R. Kiuchi, M. Mori, G. V. Bicknell, R. W. Clay, P.G. Edwards, R. Enomoto, S. Gunji, S. Hara, T. Hara, T. Hattori, S. Hayashi, Y. Higashi, Y. Hirai, K. Inoue, C. Itoh, S. Kabuki, F. Kajino, H. Katagiri, A. Kawachi, T. Kifune, H. Kubo, J. Kushida, Y. Matsubara, T. Mizukami, Y. Mizumoto, R. Mizuniwa, H. Muraishi, Y. Muraki, T. Naito, T. Nakamori, S. Nakano, D. Nishida, K. Nishijima, M. Ohishi, Y. Sakamoto, A. Seki, V. Stamatescu, T. Suzuki, D. L. Swaby, T. Tanimori, G. Thornton, F. Tokanai, K. Tsuchiya, S. Watanabe, Y. Yamada, E. Yamazaki, S. Yanagita, T. Yoshida, T. Yoshikoshi, Y. Yukawa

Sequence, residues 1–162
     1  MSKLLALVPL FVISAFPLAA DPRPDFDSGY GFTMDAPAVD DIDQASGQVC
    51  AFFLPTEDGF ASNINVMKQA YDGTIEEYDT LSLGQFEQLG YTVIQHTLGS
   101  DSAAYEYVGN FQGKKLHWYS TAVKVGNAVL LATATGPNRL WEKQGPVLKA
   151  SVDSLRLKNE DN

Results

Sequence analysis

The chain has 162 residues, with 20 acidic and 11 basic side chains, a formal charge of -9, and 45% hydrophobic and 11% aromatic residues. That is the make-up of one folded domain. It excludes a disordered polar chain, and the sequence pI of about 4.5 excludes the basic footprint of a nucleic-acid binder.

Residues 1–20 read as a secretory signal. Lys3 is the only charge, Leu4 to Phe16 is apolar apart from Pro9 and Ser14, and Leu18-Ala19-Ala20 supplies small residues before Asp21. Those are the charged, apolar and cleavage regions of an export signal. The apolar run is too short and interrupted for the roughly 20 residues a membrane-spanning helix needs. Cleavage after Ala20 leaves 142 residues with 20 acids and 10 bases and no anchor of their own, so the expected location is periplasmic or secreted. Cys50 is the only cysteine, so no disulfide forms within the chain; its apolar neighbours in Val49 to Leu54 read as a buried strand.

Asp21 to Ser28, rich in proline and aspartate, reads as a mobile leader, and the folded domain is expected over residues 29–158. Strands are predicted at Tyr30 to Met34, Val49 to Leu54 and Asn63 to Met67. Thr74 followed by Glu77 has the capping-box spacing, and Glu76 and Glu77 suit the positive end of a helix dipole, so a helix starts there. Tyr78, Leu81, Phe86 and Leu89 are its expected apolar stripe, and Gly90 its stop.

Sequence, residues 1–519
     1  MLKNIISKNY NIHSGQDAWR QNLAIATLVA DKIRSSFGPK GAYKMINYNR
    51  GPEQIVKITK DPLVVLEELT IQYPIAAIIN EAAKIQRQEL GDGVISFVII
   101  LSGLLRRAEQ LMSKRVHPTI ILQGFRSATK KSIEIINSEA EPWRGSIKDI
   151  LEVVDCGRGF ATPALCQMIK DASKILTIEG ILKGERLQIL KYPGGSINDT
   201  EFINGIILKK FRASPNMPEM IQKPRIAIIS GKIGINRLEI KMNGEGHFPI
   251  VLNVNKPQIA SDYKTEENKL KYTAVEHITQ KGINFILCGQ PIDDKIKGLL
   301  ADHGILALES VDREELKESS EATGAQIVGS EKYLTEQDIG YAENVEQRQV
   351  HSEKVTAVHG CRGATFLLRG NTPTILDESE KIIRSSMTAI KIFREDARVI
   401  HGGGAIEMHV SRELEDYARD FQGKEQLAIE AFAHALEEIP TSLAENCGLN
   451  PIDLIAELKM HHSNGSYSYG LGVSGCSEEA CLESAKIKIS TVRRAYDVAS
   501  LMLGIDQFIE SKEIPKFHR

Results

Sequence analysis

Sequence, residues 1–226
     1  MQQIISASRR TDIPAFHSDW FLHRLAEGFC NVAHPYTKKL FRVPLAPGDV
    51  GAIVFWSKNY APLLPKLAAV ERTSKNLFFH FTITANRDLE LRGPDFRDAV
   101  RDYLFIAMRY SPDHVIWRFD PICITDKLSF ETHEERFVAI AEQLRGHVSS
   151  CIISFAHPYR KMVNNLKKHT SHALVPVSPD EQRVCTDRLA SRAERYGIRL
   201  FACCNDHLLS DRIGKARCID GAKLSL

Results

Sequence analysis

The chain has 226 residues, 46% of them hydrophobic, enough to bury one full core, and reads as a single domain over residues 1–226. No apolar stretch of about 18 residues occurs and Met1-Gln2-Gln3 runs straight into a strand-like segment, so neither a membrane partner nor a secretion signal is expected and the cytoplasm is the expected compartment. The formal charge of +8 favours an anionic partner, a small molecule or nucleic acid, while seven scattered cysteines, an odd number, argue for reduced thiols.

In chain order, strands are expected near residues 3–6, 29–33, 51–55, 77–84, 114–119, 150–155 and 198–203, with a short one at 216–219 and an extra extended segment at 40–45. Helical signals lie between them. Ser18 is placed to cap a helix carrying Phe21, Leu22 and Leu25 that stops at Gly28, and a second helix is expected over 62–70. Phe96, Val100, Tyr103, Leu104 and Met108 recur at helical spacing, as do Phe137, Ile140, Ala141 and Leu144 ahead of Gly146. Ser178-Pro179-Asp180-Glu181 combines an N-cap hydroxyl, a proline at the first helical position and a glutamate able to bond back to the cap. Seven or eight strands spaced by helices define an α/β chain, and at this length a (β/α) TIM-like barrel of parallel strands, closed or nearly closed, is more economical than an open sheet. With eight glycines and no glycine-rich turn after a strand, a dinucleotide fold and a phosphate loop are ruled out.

Because accretion and merger shocks in clusters of galaxies may accelerate particles to high energies, clusters are candidate sites for the origin of ultra-high-energy (UHE) cosmic-rays. A prediction was presented for gamma-ray emission from a cluster of galaxies at a detectable level with the current generation of imaging atmospheric Cherenkov telescopes. The gamma-ray emission was produced via inverse Compton upscattering of cosmic microwave background (CMB) photons by electron-positron pairs generated by collisions of UHE cosmic rays in the cluster. We observed two clusters of galaxies, Abell 3667 and Abell 4038, searching for very-high-energy gamma-ray emission with the CANGAROO-III atmospheric Cherenkov telescope system in 2006. The analysis showed no significant excess around these clusters, yielding upper limits on the gamma-ray emission. From a comparison of the upper limit for the north-west radio relic region of Abell 3667 with a model prediction, we derive a lower limit for the magnetic field of the region of ~0.1 μG. This shows the potential of gamma-ray observations in studies of the cluster environment. We also discuss the flux upper limit from cluster center regions using a model of gamma-ray emission from neutral pions produced in hadronic collisions of cosmic-ray protons with the intracluster medium (ICM). The derived upper limit of the cosmic-ray energy density within this framework is an order of magnitude higher than that of our Galaxy.